In rotation: 7/21/20

Chattanooga, TN | Yellow Racket Records offer a tactile and aural experience: Ben VanderHart describes himself as “kind of stubborn,” so when the coronavirus pandemic hit just about a week or two after he’d signed a lease on a building on Main Street, he dove head first into opening the Yellow Racket Records store he has dreamed of owning for several years. Like everyone else, he has had to adapt his original vision, so the coffeeshop and live music aspects of the store are on hold, and customers can’t actually enter the store to browse his inventory. Instead, they can go online at yellowracketcha.com and shop. They can either have the product shipped to them, or they can drive up to the front door, text him and get the item brought out to the vehicle. He hopes to open the doors later this month or in early August, but is weary of opening only to have to close because the case numbers keep rising. …”It’s always growing, and it’s just been from word of mouth really. I’m almost out of cash,” he joked. People have also been buying, he said, noting that he did about $3,000 in sales in the first three weeks.

Springfield, IL | Dumb Records, Arlington’s open arcades: Three weeks ago, there were no arcades in downtown Springfield. Now, there’s two. Dumb Records, 418 E. Monroe St., unveiled “Dumb Arcade” earlier this month. A few days later, Arlington’s opened their arcade bar. The “Dumb Arcade” is hidden away in the back of the record store’s live event space in a dark room. Once there, customers are greeted with the sight and sounds of 10 machines, including a sit down racing game, 4 stand up classic arcade games, and 5 pinball machines. Dumb Records owner Brian Galecki said the concept came from business partner Jeff Black. Black formerly operated The Radon Lounge, a live entertainment venue, out of his basement. A key part of the experience was arcade games. With the end of The Radon Lounge last year, Black was looking to get his games “out of the basement” to where they could be enjoyed. Dumb Records became an obvious partner. “He was he was looking to bring what he was doing more out of the basement in terms of putting on shows and having an arcade,” Galecki said. After a brainstorm, they decided to put it in the back room.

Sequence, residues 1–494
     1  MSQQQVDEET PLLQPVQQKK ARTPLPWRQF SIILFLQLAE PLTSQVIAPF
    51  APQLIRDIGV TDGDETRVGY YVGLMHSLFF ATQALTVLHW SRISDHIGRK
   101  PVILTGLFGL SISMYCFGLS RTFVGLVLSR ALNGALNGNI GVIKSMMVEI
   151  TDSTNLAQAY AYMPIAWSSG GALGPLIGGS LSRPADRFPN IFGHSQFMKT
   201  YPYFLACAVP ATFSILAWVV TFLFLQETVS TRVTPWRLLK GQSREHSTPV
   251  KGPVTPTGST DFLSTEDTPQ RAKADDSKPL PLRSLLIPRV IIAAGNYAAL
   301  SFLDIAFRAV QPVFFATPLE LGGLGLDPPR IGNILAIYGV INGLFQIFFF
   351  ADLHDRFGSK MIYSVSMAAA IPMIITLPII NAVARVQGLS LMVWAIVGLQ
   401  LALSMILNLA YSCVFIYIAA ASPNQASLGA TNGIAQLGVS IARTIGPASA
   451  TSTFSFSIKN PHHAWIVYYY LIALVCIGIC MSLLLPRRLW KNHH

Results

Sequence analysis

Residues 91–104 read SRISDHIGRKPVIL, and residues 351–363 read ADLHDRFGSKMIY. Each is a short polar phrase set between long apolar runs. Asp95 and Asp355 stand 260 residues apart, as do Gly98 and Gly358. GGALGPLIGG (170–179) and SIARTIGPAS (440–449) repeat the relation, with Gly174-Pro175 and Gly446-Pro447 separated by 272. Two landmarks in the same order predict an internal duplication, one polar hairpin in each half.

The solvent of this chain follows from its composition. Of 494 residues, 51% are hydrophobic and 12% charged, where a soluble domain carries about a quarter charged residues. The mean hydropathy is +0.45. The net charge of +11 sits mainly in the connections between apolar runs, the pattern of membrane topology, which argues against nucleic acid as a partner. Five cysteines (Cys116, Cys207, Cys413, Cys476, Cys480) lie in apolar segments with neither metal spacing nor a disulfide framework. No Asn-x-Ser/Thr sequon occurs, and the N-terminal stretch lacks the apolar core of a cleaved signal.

Parry Sound, ON | Bee-Sides Radio is not just music from the vinyl era – it’s the actual vinyl record: The resurgence of vinyl records in the last decade has created a lot of new media and programming touting itself as ‘Vinyl ….this’ and ‘Vinyl…that.’ What makes the vinyl sound so unique is not how perfect it is, but how imperfect it is. In my opinion, unlike its digital counterpart, vinyl lets some of the source’s (a turntable) own tonal qualities seep into the music much like a concert hall’s acoustics affect how an orchestra sounds. Digital takes all those imperfections out of the equation creating a sound which many refer to as ‘sterile’ and ‘without character.’ While these imperfections on paper are not ideal, such a cartridge creating its own sound with harmonic and inter-modulation distortion (not to be confused with clipping that causes distorted buzz), that sound is now desirable. Nothing can compare to actually listening to a record through a vintage receiver or amplifier, however, Bee-Sides Radio tries to achieve the next best thing.

Kuala Lumpur, MY | Still rocking it old school: The market for vinyl records and CDs may be dying but to audiophiles, nothing beats the sensory experience these formats deliver. Music shop owner Joey Tan, 40, said vinyl records and CDs, which are still sought after by serious audiophiles, provide a different experience. “From the richness of the tune to the beats and to the rhythm of the music, these formats offer a fantastic experience. “The songs and music pressed into these formats are of excellent quality. “Through a good vinyl record, for example, you can hear the richness, the details in the instruments and truly feel the mood of the song. “This is why even after all these years some people are still adding to their collection,” he said when met at his shop in Komtar yesterday. He added that no matter how top-notch your sound system might be, digital formats were no match for the classics. …“Although I do not make big money, it makes me happy and content as I always come across music lovers who patronise my shop and I can chat or share my interests…”

Beethoven Graphic Novel Celebrates Composer’s 250th Birthday: A new Beethoven graphic novel reimagining the life of the legendary composer through striking new visuals will be published in November. Z2 Comics and Deutsche Grammophon have announced a new Beethoven graphic novel, The Final Symphony: A Beethoven Anthology, will be published in November, a month before the 250th anniversary of the composer’s birth in December. The Final Symphony: A Beethoven Anthology reimagines the life of the legendary composer through striking new visuals created by world-class artists. The deluxe edition of the Beethoven graphic novel will be accompanied by an exclusive double vinyl LP following the story through the composer’s own works. Ludwig van Beethoven is one of the most influential and significant composers of all time. Beyond his prolific output Beethoven faced many struggles in his personal life, including tumultuous relationships and the loss of hearing which affected him profoundly, however his music is a testament to the human spirit in the face of cruel misfortune.

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